Before I get to those teapots full of daisies, I would like to issue a quick public service announcement, so please bear with me because this is a public service announcement about listening to public service announcements. It isn’t often that northeast Ohio is the topic of national and international headlines, but this summer has been an exception to that rule: from the Cavaliers’ victory to the Republican Convention, our region has been abuzz with news worthy excitement and activity. There is another headline, however, which falls even closer to home. In the past weeks, there has been a terrible increase in heroin overdoses in our area resulting in two deaths. The second of those deaths was that of a young lady from my graduating class. I can’t say I knew her very well, but she always seemed to be very kind, full of laughter and life, and she will be dearly missed in our community. Her death was an absolute tragedy.
Such events have no light in them on this earth, only a glint of the promise of heaven and a new life away from such tragedies and losses. One of the things that most upset me when I heard the news of my classmate’s death was that many of my memories of her were of when we were in the same middle school health classes, listening to the endless lists of the dangerous and fatal results of drug use and the many, many accounts of healthy, bright, and dearly-loved young people whose lives had been laid to waste or ended by addiction and experimentation. In spite of all of the warnings, the horror story repeats itself and more lives are lost everyday.
One hopes that the memories of such tragedies will prevent more in the future, but somehow they don’t. Somehow, even though parents, teaches, and community leaders pour time and energy into educating young people and giving them the information and tools they need to make healthy decisions, drug related deaths and accidents fill headlines everyday.
So, the public service announcement is this: choose not to be un-teachable. As a teenager, your mindset may be that all of the adults who tell you what not to do and what will hurt you are just out to spoil your fun, but have you considered that they are so determined to tell you such things because they care about you and don’t want to see you make the same painful mistakes others have made before you? Please, for your own sake and the sake of the people who care about you, listen to warnings and know that they would not be given without a reason.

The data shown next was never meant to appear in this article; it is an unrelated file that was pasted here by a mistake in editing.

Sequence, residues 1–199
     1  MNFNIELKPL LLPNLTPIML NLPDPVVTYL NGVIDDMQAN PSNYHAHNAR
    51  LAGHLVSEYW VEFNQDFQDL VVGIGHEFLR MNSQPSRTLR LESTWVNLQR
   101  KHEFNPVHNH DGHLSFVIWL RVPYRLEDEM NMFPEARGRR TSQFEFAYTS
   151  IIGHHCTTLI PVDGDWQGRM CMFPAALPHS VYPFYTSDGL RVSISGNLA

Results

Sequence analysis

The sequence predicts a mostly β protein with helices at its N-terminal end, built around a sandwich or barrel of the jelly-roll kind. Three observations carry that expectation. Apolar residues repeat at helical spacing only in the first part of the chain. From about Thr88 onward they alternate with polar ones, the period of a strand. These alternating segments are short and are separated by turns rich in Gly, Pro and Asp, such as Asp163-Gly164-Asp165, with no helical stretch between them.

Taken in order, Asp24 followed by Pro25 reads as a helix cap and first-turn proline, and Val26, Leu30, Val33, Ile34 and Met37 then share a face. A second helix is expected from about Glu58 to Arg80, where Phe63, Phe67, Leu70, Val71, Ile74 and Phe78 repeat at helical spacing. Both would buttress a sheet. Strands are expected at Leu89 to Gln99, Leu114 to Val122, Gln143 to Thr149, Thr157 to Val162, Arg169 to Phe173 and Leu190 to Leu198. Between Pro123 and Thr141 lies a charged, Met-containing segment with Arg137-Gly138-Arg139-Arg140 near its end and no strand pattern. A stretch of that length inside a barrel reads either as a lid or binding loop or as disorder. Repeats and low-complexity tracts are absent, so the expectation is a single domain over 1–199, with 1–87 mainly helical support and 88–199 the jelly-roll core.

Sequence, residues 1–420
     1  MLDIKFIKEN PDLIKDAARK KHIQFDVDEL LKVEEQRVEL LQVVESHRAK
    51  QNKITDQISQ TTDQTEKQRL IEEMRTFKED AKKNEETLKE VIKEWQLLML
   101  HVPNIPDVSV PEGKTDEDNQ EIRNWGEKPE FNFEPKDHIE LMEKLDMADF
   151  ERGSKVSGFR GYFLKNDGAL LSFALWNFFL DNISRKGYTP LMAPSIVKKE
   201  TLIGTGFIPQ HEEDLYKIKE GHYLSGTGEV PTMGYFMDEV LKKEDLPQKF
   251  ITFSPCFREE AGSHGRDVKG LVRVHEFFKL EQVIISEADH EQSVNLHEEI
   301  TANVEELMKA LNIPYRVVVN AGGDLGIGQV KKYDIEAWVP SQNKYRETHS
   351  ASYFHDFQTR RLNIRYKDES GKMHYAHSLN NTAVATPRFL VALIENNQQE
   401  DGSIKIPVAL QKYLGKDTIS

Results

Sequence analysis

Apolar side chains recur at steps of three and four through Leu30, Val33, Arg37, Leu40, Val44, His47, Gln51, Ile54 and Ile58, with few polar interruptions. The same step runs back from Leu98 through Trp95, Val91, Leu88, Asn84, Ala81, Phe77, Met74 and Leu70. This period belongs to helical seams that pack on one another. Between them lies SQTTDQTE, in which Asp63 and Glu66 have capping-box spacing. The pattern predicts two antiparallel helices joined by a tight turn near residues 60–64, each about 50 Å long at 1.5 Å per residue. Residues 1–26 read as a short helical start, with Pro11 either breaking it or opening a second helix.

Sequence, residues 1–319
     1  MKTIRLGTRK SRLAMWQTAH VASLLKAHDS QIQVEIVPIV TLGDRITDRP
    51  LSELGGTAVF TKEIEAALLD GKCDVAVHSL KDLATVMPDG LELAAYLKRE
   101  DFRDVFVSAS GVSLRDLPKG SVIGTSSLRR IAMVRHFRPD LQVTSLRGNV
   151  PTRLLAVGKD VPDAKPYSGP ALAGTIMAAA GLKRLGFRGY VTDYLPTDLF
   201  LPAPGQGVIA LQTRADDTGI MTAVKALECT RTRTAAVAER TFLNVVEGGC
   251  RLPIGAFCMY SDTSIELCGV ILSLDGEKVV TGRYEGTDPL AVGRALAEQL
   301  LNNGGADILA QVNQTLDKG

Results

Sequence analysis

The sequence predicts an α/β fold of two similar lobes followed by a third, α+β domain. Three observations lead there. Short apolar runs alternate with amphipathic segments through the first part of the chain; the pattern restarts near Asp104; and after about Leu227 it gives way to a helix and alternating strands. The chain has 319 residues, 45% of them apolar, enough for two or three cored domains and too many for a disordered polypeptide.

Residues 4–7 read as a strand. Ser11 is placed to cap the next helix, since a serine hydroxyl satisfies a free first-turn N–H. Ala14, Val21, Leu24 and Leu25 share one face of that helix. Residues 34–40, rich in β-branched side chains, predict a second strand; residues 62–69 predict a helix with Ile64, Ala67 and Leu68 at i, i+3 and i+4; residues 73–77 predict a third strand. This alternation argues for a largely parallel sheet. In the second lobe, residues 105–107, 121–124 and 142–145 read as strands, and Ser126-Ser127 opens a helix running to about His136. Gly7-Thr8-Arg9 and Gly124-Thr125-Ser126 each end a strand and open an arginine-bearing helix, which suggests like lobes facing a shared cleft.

Well, thank you for reading my public service announcement, I hope you take the message to heart by actually taking the message to heart. Now, onto a teapot full of daisies. A week ago, I saw something on the Great British Bake-Off that I simply had to try: Flora’s earl grey tea cookies in a box made of lemon honey cookies. It is cookie-ception (or biscuit-ception, since this is the Great British Bake-Off after all and it’s not a cookie over there, it’s a biscuit). My mother was quite right when she said “They had you at ‘earl grey’, didn’t they?” Yes, mom, yes they did. So, a week later, with the help of the recipe provided by the Great British Baking Show website, I have a cookie box of cookies.
I was so impressed with this recipe! The ingredients seem so simple, but the flawless balance of ratios and flavors knocks you off your feet. Because my parents and I can only eat so many cookies, I halved Flora’s recipe to make a small-scale box. In addition to the two superb biscuit/cookie recipes, I made the crumbled candy you see embedded in creamy white chocolate on the earl grey biscuits. That golden goodness is a confection rarely see this side of the Pond, it is called honeycomb. Returning briefly to my public service announcement, if despite the warnings of your elders you want to toy with danger, just make a batch of this honeycomb every week as an alternative addictive substance that is not all that harmful. It has such a unique flavor and texture. Made with just sugar, corn syrup (or golden syrup if you want to be truly British), and baking soda (a.k.a bicarbonate of soda), it has the flavor of a dark caramel, the airy quality of the astronaut ice cream you may have picked up at the science museum gift store as a kid, and a bit of the popping capabilities of Pop Rocks (which seems to be because of the baking soda).
I was nervous about assembling the box, but after piping the decorations I was able to glue everything together with melted white chocolate! I was so happy with the end results, aesthetic and flavorful. Yes, this is how I spend my days off, making ridiculous things out of pastry. Well, that isn’t all, I have also been finishing my London reading list and preparing for the trip, of course! I have read six of the seven King’s Cross Station scenes from Harry Potter, now I just need to read the last scene from the last book—oh and all of the London related poetry that I still haven’t made time to read. My parents and I also re-watched all of the Harry Potter movies in order, which was a nostalgia-filled adventure, ending in my purchasing a dozen pairs of Harry Potter socks.
The UK departure count-down is currently at t-minus 5 weeks, unbelievable.